Is Found to Have Violated Copyright Summary

  • Last updated on November 11, 2022

In one of the earliest cases of copyright infringement involving a film adaptation, the estate of Bram Stoker, the author of Dracula, successfully sued the German producer of the macabre film Nosferatu (1922), a classic of German expressionism. The film’s production company declared bankruptcy, so was unable to pay damages, but the court ordered the destruction of all prints of the film—a scandal in itself—which set a precedent for protecting literary properties. However, some prints survived.

Summary of Event

In July, 1925, a German court delivered a significant ruling in favor of Florence Stoker, widow and literary executor of Irish writer Bram Stoker, who had died in 1912. The court found that in adapting Bram Stoker’s supernatural novel Dracula (1897) without permission, a German film production company had infringed upon the right of his estate to control adaptations of his works. [kw]Nosferatu Is Found to Have Violated Dracula Copyright (July, 1925) [kw]Dracula Copyright, Nosferatu Is Found to Have Violated (July, 1925) Nosferatu (film) Dracula (novel) Stoker, Bram Stoker, Florence Nosferatu (film) Dracula (novel) Stoker, Bram Stoker, Florence [g]Europe;July, 1925: Nosferatu Is Found to Have Violated Dracula Copyright[00370] [g]England;July, 1925: Nosferatu Is Found to Have Violated Dracula Copyright[00370] [g]Germany;July, 1925: Nosferatu Is Found to Have Violated Dracula Copyright[00370] [c]Law and the courts;July, 1925: Nosferatu Is Found to Have Violated Dracula Copyright[00370] [c]Film;July, 1925: Nosferatu Is Found to Have Violated Dracula Copyright[00370] [c]Literature;July, 1925: Nosferatu Is Found to Have Violated Dracula Copyright[00370] Grau, Albin Galeen, Henrik Thring, G. Herbert Murnau, F. W. Wronker-Flatow, Manfred

A still photograph from the film Nosferatu (1922).

(Hulton Archive/Getty Images)

The film, Nosferatu: Eine Symphonie des Grauens (Nosferatu: a symphony of horror), had opened with a gala premiere at the Marble Hall of the Berlin Zoological Gardens in Germany on Saturday, March 4, 1922. It was the first production of a new company known as Prana-Film, whose codirector, Albin Grau, was deeply interested in the occult. The script was written by Henrik Galeen, whose credits included several other macabre films. The film was directed by F. W. Murnau, a rising figure in German cinema.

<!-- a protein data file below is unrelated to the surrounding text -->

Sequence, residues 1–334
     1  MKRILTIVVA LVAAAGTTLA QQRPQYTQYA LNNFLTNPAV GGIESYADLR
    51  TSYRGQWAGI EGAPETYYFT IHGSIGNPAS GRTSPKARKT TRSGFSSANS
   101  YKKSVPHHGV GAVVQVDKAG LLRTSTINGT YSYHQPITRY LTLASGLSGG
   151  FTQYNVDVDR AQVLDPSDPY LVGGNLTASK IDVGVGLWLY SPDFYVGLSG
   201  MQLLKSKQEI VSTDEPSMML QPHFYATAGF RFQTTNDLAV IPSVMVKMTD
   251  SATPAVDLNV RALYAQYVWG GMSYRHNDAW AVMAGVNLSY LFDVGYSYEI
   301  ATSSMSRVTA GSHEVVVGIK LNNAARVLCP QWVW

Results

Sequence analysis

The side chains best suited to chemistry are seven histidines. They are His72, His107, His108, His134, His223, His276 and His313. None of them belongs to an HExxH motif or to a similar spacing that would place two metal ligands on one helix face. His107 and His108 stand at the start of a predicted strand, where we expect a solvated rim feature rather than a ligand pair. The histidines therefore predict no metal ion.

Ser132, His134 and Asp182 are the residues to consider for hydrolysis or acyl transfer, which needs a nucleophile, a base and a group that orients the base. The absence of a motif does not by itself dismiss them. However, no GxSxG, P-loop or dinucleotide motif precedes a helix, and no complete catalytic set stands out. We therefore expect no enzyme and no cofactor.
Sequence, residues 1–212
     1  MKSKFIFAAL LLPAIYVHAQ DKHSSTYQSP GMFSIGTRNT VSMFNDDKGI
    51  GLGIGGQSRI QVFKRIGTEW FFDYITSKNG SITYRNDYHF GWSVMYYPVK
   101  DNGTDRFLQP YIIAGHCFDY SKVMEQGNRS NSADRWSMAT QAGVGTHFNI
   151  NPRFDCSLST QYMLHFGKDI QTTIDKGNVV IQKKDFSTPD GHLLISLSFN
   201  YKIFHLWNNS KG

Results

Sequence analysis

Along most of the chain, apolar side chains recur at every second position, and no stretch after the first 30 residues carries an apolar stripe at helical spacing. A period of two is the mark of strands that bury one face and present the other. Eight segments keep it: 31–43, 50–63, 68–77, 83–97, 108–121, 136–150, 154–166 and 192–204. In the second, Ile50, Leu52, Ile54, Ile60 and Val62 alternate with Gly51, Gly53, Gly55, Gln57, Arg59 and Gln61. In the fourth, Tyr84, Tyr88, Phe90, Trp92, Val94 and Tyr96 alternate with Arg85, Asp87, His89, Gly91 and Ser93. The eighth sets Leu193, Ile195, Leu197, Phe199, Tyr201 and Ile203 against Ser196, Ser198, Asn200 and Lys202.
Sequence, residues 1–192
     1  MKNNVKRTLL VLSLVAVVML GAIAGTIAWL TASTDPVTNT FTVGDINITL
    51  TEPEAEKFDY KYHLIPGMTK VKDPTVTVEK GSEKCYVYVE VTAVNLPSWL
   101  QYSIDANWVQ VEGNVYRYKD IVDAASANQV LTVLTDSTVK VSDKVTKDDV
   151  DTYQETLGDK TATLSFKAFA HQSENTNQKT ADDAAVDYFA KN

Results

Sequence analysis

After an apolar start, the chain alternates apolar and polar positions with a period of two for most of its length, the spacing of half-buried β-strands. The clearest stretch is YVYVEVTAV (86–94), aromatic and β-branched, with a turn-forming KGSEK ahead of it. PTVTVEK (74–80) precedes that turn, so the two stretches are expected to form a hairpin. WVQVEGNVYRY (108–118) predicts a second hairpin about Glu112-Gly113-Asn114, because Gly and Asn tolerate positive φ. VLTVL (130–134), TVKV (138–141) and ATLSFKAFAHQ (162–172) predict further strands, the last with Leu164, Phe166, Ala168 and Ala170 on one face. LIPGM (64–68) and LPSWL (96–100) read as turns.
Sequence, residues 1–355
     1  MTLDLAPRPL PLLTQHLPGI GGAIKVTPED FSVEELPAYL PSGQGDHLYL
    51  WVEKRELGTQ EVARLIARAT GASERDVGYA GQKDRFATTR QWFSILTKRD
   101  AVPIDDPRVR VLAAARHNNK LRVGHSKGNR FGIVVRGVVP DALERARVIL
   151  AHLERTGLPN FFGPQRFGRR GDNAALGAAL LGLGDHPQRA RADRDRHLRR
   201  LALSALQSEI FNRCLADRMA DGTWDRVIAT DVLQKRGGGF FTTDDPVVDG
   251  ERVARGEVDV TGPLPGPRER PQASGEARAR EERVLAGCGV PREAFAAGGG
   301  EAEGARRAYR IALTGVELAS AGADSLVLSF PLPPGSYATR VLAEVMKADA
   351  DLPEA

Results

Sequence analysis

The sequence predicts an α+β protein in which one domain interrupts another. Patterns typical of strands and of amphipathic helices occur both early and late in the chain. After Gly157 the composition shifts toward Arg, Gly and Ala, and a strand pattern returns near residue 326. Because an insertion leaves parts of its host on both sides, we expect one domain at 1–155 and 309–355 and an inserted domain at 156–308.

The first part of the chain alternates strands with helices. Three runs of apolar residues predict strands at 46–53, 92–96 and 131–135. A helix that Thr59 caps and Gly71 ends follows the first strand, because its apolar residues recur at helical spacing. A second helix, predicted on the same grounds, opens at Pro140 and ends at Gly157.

As its credits clearly acknowledged, the film was based on the novel Dracula, although Prana-Film had made no attempt to negotiate rights with Stoker’s estate. Galeen had altered the characters’ names, with Count Dracula, for example, becoming Graf Orlok. He also changed the work’s primary setting from England to Germany and pruned away many of Stoker’s characters and subplots. Nevertheless, the film script followed the novel closely, with the only significant thematic change coming in its resolution. The title was taken from a term that Stoker mistakenly believed to be an Eastern European word for “vampire.”

At the time of the film’s production, Stoker’s widow, Florence, had been living in straitened circumstances in the London, England, suburb of Knightsbridge. She learned of the film’s existence the month following its premiere when an anonymous correspondent mailed her the film’s program. Most of her husband’s books were out of print, and even Dracula, recognized in later decades as one of the most important supernatural novels ever written, brought in few royalties. Acting as her husband’s literary executor, she promptly joined the Society of Authors, a British organization dedicated to aiding writers in their business and legal affairs, and enlisted its help.

The Nosferatu controversy, later chronicled by scholar David J. Skal and others, was the start of a long and convoluted campaign, with Florence Stoker eventually mailing as many as half a dozen letters a month to the society. The society’s secretary, G. Herbert Thring, over the following years would act as intermediary between Stoker and the society’s governing committee. After reviewing the situation, the committee hired a Berlin-based lawyer, Manfred Wronker-Flatow, to pursue the case against Prana-Film. The society hoped to settle on Stoker’s behalf quickly and out of court, but by midyear the profligate company had already gone bankrupt and was in receivership. Nosferatu had been its only film, and according to contemporary press reports, the company had spent more money publicizing than producing the film.

The society, however, become reluctant to proceed, so Stoker redoubled her efforts. She approached longtime friends in the publishing business, such as William Heinemann, to apply pressure to the society, and she even attended one of its annual dinners in the company of her accountant-son, Noel. With reservations, the society agreed to carry on. Prana-Film’s receivers, Deutsch-Amerikanische Film-Union, offered Stoker a share of the film’s profits if she allowed them to show the film in the English-speaking world with the title Dracula. Following the society’s advice, Stoker rejected the offer as unlikely to be of much value.